The first example is something that is dealt with in Derrida’s Specters of Marx. It is the anxious feeling or worry present in the liberal democratic world surrounding political revolution (Marxist or otherwise). While in communist countries the worry may be “Has the revolution really happened? Are we really the end of a dialectical process, or is there more?” in North America (for example) the worry is more like “Can the revolution happen here, again? What will the revolution bring?” Fukuyama, in his 1992 book The End of History and the Last Man (based on a 1989 article), gives us one response to these questions: let’s not even ask them. Fukuyama sees the West precisely as the realization of the unfolding of Geist, in the most humdrum conception of that word. The revolutionary war, in the United States, or the French Revolution, in France just were the end of history; these pivotal events have paved the way for liberal democracy, free market economies, universal human rights, etc. But, for people like Derrida, Blanchot, and (I assume) anyone who is concerned about where we might be headed, the ontological status of the revolution remains haunting.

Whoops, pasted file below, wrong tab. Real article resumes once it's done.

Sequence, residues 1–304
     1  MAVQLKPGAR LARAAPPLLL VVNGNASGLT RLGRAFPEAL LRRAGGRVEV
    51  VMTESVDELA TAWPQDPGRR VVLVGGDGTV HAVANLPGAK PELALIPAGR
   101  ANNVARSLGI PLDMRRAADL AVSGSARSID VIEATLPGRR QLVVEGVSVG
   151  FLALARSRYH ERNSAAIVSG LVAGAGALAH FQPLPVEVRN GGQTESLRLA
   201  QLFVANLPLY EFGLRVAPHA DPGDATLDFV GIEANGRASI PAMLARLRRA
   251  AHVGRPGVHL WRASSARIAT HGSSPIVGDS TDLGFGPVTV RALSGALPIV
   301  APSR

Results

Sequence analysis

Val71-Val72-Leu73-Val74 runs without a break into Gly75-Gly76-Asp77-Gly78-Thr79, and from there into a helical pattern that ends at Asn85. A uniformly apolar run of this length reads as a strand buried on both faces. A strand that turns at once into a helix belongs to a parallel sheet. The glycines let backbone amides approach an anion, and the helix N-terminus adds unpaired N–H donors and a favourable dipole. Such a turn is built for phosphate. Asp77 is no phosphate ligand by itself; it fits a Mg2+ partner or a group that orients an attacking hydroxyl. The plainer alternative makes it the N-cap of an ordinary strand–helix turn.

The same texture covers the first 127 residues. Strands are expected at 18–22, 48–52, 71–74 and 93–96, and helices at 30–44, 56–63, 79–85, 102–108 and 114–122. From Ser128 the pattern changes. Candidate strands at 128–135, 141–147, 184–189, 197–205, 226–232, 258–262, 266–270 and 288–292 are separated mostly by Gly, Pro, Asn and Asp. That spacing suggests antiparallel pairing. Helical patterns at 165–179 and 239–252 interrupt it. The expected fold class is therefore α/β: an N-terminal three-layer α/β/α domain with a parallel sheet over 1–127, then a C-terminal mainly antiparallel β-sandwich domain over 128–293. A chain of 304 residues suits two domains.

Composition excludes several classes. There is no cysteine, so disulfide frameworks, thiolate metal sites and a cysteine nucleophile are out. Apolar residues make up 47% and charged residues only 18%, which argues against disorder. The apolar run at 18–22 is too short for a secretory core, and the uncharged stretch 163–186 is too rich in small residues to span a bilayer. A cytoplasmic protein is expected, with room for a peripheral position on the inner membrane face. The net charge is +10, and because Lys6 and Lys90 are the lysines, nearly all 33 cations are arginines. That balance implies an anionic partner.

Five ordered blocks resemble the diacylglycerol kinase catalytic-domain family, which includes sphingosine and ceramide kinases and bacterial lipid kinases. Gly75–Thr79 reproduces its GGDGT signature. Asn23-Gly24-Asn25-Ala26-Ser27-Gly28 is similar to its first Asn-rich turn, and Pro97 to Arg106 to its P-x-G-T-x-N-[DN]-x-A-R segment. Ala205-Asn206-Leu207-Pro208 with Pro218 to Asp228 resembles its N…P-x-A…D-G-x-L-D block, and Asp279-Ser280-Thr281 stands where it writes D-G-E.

Derrida argues, as we’ve seen, that the past (the revolution at the heart of the West, or the failure of communism) is never quite completely passed. Rather, it remains, spectrally. We are always confronted, as Hamlet was, by the not-quite present ghost of the past: it calls out to us quite literally. In the West, we have attempted to erase the past by moving away from revolution: we have figured the revolution in purely theoretical or abstract terms. You can see this especially in the United States: the constitution is revered, even the origins of the flag have entered into an almost mythological awe (Betsy Ross is common grist for the fourth grade paper mill). Thus, we have attempted to take the real, visceral process of political revolution (the war, the violence, etc.) and made it into something easily presentable and digestible. Revolution has become ever present (through holidays, symbols like the flag and so on). Yet, it has also become absent: we no longer desire political revolution, the revolution has already happened, why would we want to revolt? Derrida is worried about this combination, it seems to me. He worries because it is denying legitimacy to the ‘hauntological’ specters that Derrida (through Marx and Hamlet) sees everywhere. I would argue that ignoring or de-legitimating these specters are ‘disastrous’.